If one wants to look into America’s future, a good place to look is Japan.
Japan had its initial economic bubble in the 1980’s. Since then it has had one “lost decade” after another with hopes of economic recovery that are always disappointed. All this time, the Bank of Japan has printed more and more yen and the government has tried one “stimulus” program after another. The only result is that the government debt keeps rising relative to GDP until now it is the highest by far among developed nations. Fortunately for Japan, most of this debt is owed to Japanese rather than to foreigners, a major advantage relative to the position of the US. But by now, Japanese tax revenues barely cover the interest on debt plus social security, even with interest rates completely repressed by government. If interest rates rose, all current taxes might be needed for debt service alone.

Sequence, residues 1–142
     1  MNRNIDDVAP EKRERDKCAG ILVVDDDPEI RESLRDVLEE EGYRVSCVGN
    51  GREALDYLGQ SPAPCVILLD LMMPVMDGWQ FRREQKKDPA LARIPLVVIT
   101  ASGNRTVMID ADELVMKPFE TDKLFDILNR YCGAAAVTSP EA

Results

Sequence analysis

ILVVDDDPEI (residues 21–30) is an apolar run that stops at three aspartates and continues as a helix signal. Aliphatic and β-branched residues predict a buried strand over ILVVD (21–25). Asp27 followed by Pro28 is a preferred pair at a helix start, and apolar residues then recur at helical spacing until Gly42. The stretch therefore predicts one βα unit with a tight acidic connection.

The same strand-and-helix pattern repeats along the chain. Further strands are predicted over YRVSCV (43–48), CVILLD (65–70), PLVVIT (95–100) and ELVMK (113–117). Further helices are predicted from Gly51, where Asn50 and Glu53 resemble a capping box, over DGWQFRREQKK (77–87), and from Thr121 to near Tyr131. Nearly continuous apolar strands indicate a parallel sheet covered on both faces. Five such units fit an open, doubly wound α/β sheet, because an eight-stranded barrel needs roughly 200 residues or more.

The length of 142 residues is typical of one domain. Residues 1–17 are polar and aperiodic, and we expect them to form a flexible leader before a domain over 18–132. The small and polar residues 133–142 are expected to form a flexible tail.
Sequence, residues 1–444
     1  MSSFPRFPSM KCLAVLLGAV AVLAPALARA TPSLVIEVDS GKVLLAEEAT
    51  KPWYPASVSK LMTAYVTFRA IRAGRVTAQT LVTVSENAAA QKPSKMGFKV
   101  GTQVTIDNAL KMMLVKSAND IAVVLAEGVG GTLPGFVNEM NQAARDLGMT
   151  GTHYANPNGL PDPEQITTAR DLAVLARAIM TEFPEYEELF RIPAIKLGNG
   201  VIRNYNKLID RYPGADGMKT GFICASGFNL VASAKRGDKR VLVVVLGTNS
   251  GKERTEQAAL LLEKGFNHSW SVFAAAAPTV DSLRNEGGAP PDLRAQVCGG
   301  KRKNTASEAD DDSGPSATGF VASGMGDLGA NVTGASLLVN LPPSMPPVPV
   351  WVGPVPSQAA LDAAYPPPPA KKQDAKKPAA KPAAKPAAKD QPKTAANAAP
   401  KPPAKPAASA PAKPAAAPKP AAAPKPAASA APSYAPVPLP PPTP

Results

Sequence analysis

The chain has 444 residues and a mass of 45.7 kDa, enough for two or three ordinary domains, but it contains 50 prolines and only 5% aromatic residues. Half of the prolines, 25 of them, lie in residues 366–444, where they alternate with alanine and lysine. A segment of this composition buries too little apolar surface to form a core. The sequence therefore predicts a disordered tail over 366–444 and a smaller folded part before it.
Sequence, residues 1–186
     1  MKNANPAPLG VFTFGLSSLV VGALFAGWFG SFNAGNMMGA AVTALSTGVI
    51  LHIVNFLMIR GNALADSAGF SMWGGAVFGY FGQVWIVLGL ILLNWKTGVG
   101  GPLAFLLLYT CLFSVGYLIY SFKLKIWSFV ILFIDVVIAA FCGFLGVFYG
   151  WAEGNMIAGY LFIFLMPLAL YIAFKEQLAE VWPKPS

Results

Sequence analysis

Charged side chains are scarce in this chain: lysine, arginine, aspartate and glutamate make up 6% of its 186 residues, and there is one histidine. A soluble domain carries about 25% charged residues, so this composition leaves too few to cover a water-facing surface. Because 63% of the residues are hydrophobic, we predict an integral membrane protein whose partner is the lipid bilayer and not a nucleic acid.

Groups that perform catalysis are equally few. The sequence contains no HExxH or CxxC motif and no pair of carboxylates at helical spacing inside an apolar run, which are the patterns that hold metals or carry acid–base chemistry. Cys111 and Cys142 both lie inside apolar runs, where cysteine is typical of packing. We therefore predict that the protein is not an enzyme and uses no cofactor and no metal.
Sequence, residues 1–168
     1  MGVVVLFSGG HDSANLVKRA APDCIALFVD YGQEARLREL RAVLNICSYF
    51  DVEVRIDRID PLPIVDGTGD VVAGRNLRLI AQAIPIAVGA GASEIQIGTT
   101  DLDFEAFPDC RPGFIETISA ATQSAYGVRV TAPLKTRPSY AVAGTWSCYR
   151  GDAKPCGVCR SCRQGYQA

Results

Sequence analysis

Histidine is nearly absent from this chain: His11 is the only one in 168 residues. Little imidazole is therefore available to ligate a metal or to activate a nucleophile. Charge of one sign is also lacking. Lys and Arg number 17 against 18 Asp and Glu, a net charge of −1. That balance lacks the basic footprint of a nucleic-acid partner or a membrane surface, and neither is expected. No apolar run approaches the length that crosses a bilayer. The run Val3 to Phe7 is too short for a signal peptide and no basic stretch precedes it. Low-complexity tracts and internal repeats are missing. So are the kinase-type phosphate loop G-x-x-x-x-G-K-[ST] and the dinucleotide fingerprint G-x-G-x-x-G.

Japan’s Keynesian politicians seem to have painted themselves into a corner. What to do now? What can be done now? In the article below, it is suggested that the central bank use its newly printed yen to buy assets. Buy stocks, buy factories, buy anything in one last effort to “stimulate” the economy. In all probability, this would only succeed in shredding the last bit of confidence in the today’s fantasy system. The only real solution for Japan is for the current regime to fall and for sound economic (non-Keynesian) principles to be re-established. Would this be painful? Of course. Any return to reality is painful.
As Japan goes, probably also goes Europe and the United States, with a lag. There are other ways the European or US debt bubble may go, but so far we are following in Japan’s footsteps.